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Pandemic World Final “Quite the Undertaking” for U.S Series

Lamborghini’s Chris Ward explains how U.S series overcome logistical hurdles to make World Final…

Photo: Eros Maggi/Lamborghini

Automobili Lamborghini America motorsport senior manager Chris Ward described transporting the full Super Trofeo North America paddock to Misano for the final round of the 2021 season as “quite the undertaking” amid the ongoing coronavirus pandemic.

Shipping delays forced Lamborghini to scramble an air freight transit to bring its full fleet of more than 20 cars to the east coast of Italy for this weekend’s World Final event.

A total of 19 Lamborghini Huracan Super Trofeo EVOs ended up entering the last two races of the North America season on Friday, with three drivers from the LB Cup class withdrawing due to a mixture of COVID travel and business-related reasons.

Overcoming the pandemic’s logistical impacts has enabled the largest North American grid for a World Final to link up with the Super Trofeo Europe series for the closing races of the Lamborghini single-make season that determine the brand’s global champions.

The 2020 World Final was canceled due to the global impacts of COVID-19, which are still being felt at Lamborghini through the continued pause of its Super Trofeo Asia series.

“Considering the shipping disasters that there are globally, we have been able to successfully transfer all 22 cars here,” Ward told Sportscar365.

“Having brought all the cars and materials, air freighting them at the last moment because the ships were delayed, it was quite the undertaking.

“We started planning in June and then the teams had a very tight turnaround from our last round at WeatherTech Raceway Laguna Seca. It was literally two weeks.

“Most teams are east coast-based, so it took five days just to get there from Laguna. It was a five-day transition over to the east coast, so they only had two or three days to get everything ready and drop it off at Atlanta, which is the shipping hub.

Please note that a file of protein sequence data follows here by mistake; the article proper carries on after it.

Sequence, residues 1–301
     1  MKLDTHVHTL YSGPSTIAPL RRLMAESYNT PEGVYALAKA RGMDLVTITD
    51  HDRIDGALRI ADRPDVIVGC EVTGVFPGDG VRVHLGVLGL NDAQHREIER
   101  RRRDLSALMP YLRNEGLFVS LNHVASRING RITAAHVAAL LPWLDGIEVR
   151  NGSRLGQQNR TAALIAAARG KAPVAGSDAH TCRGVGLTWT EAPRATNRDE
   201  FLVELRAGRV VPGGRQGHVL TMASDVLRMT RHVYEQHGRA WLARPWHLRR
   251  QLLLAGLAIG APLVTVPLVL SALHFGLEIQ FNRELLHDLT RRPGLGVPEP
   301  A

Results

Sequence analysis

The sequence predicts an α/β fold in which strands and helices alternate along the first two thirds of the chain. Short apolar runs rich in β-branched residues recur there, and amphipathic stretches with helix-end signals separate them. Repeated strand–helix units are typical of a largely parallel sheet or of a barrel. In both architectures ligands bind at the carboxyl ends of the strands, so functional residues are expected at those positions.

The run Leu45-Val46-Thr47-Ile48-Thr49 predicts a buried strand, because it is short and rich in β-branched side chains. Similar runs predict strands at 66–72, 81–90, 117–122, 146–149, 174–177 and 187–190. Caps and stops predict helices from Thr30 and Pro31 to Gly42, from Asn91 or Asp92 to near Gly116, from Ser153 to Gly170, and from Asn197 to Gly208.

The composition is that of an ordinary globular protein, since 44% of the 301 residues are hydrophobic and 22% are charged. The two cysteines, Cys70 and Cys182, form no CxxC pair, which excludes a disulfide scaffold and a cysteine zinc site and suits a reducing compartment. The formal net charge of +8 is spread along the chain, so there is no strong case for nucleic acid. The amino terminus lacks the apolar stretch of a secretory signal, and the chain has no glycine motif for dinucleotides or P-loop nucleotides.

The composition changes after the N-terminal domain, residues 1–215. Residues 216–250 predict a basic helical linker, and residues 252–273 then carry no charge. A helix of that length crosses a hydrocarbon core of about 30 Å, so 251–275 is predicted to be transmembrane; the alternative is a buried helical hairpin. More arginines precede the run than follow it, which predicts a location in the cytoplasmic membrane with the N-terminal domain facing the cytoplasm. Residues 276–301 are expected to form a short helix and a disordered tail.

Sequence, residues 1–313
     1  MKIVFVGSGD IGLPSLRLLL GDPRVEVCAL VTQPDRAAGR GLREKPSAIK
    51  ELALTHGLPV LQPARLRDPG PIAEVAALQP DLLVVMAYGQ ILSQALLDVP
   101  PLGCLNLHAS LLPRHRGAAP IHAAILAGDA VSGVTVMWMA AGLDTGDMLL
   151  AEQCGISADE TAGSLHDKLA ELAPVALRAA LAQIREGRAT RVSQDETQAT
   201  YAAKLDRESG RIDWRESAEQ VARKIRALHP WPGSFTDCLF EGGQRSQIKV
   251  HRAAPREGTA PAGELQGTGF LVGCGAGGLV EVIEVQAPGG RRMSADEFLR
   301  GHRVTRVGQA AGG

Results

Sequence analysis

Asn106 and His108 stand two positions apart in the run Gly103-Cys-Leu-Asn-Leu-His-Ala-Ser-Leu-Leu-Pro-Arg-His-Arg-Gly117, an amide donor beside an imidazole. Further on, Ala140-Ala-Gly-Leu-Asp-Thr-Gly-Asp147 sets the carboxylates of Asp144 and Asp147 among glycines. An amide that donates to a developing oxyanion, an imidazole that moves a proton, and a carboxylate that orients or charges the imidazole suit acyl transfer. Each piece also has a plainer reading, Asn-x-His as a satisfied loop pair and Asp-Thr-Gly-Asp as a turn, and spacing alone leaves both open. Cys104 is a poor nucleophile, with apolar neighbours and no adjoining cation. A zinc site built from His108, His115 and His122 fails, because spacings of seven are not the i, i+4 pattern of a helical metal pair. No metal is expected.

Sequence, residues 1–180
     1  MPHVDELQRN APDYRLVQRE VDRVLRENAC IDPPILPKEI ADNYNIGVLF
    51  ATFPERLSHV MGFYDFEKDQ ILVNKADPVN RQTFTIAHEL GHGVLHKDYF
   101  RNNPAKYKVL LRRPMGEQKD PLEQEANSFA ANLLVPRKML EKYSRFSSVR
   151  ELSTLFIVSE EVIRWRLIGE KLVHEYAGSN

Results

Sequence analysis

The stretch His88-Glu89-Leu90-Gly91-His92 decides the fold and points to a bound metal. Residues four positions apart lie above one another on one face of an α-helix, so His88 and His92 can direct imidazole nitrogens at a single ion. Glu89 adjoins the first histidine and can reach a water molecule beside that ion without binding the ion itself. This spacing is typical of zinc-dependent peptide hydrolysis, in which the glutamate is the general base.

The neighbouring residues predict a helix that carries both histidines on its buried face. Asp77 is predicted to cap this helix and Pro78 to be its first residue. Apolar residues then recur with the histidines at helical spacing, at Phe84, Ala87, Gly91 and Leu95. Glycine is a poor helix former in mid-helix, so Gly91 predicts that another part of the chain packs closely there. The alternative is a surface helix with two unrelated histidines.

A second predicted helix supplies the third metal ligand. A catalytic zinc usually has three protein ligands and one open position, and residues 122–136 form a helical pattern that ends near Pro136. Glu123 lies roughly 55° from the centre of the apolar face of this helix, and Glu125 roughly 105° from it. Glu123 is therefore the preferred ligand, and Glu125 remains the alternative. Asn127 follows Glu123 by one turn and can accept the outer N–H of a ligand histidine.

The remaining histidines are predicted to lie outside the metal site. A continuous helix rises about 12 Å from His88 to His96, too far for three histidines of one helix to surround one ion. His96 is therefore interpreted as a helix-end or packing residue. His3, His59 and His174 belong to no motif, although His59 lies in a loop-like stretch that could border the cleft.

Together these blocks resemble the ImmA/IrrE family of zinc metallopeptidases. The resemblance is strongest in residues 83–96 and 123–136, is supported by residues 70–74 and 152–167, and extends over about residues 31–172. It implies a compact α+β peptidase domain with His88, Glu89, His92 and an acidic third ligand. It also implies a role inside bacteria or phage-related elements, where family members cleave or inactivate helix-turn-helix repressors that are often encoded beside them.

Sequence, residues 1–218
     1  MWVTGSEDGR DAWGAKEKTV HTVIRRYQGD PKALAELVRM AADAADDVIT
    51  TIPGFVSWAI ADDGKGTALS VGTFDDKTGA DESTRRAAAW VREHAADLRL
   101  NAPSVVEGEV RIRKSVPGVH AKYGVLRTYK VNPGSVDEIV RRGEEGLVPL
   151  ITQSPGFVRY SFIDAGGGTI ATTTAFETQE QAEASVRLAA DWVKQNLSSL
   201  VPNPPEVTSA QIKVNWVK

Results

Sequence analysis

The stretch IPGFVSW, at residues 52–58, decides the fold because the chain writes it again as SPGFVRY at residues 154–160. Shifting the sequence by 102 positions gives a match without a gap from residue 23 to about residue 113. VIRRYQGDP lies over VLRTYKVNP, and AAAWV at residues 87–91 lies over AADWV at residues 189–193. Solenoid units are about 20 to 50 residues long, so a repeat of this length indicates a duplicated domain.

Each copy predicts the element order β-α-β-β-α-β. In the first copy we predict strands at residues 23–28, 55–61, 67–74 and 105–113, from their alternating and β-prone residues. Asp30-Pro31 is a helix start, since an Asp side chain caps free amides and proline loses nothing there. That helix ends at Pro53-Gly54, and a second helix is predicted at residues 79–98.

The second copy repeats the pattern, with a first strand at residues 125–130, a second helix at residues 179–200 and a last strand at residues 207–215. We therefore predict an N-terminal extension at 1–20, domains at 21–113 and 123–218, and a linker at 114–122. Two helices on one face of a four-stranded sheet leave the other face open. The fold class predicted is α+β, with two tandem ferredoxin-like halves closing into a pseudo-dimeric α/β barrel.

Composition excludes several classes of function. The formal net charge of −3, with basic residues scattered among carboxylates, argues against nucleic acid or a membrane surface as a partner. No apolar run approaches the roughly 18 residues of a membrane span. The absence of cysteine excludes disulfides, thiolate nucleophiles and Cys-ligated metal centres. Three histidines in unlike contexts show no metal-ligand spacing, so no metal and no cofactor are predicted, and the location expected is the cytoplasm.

“And then whilst everything was loading into Atlanta, we got notification that the ship it was meant to be getting on was delayed by a week, which then put its load-in to here somewhat in jeopardy, but still doable.

“So we started moving everything towards the port, but just as we were doing that the ship got delayed another week, which would have had it dock in Italy on Friday of [race] week. That really wouldn’t have been ideal.

“We consider ourselves very fortunate and our shipping partner did a great job. They put it all on some 747 cargo plane and got it here on time, so we’re grateful to them.”

The North American equipment entered the Misano paddock at 8 a.m. on Monday and the teams were able to set up with time to spare for the following day’s test sessions.

Ward added that the administrative element of organizing the North American side of the Misano event contributed to the overall challenge of staging a flyaway round.

“Aside from all of the logistics elements, the preparation by all the teams, drivers, families and guests from an administrative point of view with COVID testing and EU passenger locator forms,” he said.

“Things that none of us had ever heard of before, just making sure that every single person had undertaken all of those elements to get everybody here was a miracle.

“Challenging would be an understatement. We can move very freely within the United States.”

Head of Lamborghini Motorsport Giorgio Sanna added: “With COVID and the logistics situation in general, it was a big challenge, but fortunately we achieved the targets.

“Everything went very well, and I hope that in the next one or two years the situation will be back to normality.”

Wayne Taylor Racing general manager Travis Houge told Sportscar365 that all operations have run smoothly at Misano despite some initial concerns about the timeframe between the Laguna Seca event on Sep. 10-12 and the transatlantic crossing to Italy.

WTR brought its full load of equipment and staff to Misano, although other outfits such as Dream Racing Motorsport have leaned on support from European teams.

“Hats off to Lamborghini to get this all done,” said Houge.

“Last week we anticipated showing up not knowing if our cars or equipment were going to be here. But it probably went better than any other World Final we’ve had.

“The stuff was here on time and we were unloaded by noon on the first day we were here. Normally we’re a day later.

“But the timeframes were difficult, going from Laguna to where they wanted us in Atlanta on the Thursday after.

“When you have two truck drivers going across, you still can’t make it in time and get it serviced. So when we got there, there were some issues on where the stuff went, but we got everything here.

“We’re very impressed and happy with what they’ve done.”

Daniel Lloyd is a UK-based reporter for Sportscar365, covering the FIA World Endurance Championship, Fanatec GT World Challenge Europe powered by AWS and the IMSA WeatherTech SportsCar Championship, among other series.

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